Ten things to have in your medical kit
As any experienced traveller or health professional will tell you, things can and occasionally do go wrong on any trip, and taking a well-stocked kit with you is always advised. A first aid kit is an essential piece of equipment on any gap year or backpacking adventure, but most travellers aren’t sure exactly what they need to take with them. So here is an expert guide on how to pack a first aid kit and what to include in it.
This stuff works wonders. Use it on achy muscles or rashes. Put it on your temples if you have a headache. Layer it under your nose if you have a cold, it will clear your sinus right up. Remember to wash your hands after use. Balm in the eyes is no fun.
Water rehydration salts
The salt, sugar and water content help to prevent and treat dehydration, making these crucial for travellers’ diarrhoea and a great hangover cure.
Gauze is the medical jack-of-all-trades. A first aid kit must have a supply of gauze in it. It can be used to apply pressure to a wound, clean an injury, soak up blood, help stop bleeding, and even form part of a basic dressing for small-to-medium wounds.
Surgical tape is one of those essential emergency items for when you need to apply and secure gauze or a bandage to a wound, although plasters can do the same job if need be.
Swiss knife or pocket knife
Usually used for cutting surgical tapes and bandages. You never know when this might come in handy. Ever seen the movie 127 hours and its uses? Something to keep in mind is that you should probably leave this out of your kit if you’re travelling by flight.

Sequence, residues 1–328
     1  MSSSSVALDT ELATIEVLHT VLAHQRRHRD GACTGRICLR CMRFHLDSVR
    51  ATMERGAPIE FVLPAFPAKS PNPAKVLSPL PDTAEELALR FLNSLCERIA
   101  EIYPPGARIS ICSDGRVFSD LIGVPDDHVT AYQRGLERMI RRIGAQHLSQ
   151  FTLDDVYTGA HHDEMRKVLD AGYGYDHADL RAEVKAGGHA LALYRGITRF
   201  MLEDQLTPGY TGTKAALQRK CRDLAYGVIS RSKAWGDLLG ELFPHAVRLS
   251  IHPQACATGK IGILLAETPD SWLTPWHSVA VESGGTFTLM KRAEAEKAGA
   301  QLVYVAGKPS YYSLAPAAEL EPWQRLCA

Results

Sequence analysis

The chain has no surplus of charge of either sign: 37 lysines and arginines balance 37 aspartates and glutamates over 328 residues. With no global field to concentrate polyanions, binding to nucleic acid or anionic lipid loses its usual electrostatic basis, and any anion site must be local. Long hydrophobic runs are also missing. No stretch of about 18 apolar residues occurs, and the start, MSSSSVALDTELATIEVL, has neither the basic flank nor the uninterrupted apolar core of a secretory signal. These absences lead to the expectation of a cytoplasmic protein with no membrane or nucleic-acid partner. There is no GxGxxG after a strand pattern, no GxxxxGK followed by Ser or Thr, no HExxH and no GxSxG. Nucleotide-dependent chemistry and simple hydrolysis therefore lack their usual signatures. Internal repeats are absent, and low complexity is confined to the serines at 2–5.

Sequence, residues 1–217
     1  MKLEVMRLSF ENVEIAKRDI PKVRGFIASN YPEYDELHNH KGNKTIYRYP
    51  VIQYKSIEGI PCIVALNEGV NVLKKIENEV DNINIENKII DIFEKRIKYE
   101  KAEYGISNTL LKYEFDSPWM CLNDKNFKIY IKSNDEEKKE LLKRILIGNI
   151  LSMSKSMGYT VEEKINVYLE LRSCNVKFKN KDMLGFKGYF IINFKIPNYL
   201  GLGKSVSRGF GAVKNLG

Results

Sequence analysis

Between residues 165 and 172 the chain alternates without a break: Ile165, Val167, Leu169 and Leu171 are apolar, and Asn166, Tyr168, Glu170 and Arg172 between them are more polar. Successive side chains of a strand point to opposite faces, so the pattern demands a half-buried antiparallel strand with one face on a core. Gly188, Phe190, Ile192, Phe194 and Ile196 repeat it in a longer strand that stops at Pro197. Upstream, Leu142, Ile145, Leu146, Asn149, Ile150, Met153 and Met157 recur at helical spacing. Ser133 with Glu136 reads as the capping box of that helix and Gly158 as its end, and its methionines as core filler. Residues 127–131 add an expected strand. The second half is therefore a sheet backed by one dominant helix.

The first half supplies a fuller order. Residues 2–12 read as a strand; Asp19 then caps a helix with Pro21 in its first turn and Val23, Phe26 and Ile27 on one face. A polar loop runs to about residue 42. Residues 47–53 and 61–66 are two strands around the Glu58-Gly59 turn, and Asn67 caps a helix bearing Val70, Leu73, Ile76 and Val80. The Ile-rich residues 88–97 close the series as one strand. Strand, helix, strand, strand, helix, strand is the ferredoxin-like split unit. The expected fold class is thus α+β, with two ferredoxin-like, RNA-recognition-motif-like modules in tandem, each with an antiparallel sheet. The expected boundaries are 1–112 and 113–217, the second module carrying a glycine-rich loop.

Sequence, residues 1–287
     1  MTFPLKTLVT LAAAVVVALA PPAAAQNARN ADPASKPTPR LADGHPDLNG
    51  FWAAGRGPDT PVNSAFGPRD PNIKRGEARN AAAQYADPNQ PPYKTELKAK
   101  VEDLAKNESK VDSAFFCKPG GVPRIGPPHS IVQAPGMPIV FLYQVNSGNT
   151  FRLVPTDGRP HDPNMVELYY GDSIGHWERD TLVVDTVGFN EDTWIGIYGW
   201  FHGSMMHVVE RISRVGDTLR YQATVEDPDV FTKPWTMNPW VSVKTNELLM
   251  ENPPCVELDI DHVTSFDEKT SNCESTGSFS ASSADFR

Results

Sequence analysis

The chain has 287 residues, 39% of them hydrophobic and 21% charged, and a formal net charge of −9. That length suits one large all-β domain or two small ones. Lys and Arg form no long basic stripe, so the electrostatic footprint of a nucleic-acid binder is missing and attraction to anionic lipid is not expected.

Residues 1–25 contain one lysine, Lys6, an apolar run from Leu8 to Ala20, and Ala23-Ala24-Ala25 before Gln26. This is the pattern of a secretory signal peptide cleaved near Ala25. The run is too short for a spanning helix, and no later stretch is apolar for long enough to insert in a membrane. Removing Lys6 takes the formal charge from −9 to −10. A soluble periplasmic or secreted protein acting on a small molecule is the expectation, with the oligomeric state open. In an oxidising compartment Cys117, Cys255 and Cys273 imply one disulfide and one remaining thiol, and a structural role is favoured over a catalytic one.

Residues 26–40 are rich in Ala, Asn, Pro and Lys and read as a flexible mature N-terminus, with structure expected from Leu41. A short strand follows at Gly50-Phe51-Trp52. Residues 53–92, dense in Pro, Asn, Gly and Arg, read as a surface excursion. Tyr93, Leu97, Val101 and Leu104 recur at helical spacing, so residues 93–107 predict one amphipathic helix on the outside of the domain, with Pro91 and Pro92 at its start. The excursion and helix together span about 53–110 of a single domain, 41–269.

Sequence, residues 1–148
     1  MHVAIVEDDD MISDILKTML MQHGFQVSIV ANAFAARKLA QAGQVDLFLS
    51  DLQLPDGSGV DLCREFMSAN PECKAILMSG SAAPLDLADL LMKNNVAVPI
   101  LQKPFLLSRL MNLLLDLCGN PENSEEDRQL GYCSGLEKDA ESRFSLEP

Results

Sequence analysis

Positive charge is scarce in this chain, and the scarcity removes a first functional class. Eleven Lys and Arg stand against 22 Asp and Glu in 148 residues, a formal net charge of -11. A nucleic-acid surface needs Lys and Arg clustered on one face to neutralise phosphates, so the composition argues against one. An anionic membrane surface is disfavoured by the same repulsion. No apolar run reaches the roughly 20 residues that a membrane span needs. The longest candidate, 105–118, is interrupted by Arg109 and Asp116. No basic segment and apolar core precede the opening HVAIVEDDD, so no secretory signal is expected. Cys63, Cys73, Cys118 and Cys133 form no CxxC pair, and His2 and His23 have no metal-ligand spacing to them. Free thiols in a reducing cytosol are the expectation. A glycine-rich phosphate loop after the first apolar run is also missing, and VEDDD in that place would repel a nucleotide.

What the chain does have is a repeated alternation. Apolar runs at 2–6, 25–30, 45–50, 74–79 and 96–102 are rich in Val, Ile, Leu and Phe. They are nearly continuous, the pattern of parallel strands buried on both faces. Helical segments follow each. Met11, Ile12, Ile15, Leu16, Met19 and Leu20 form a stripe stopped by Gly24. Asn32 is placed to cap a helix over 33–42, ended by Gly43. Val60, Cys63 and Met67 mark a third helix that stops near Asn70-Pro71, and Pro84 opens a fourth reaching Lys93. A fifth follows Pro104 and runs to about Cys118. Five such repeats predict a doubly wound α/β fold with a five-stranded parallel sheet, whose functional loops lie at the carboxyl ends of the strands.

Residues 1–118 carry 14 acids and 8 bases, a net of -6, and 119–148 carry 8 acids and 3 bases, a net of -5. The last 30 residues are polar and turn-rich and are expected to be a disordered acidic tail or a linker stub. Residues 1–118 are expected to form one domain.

Tweezers are another item that often come standard in most first aid kits and can be useful for pulling out splinters, getting out little bits of stone or dirt when cleaning a wound, or any number of other practical uses.
Apart from the obvious benefits, these handy little items can be used as emergency water carriers or even filled with ice as an emergency ice pack. Its rim helps form an air tight seal for storing edibles.
Pain relief medication
A small pack of basic paracetamol or acetaminophen if you are American or any of the associated brand names is usually sufficient, but ibuprofen or other similar medications are fine too. It doesn’t have to be fancy — basically whatever you normally take for pain relief when you have a headache or minor pain.
It’s also a good idea to carry antibacterial creams for any cuts and scrapes you get. This will help heal them faster as well as prevent any possible infections.
Any meds that you may be prescribed by your doctor for chronic disorders or allergies of some sort; should be necessarily carried along without fail. This list of medicines would differ from person to person and hence is not a part of the common kit.
Scars make every travel experience sound like a wild party; however staying safe and doing more sounds more satisfying.
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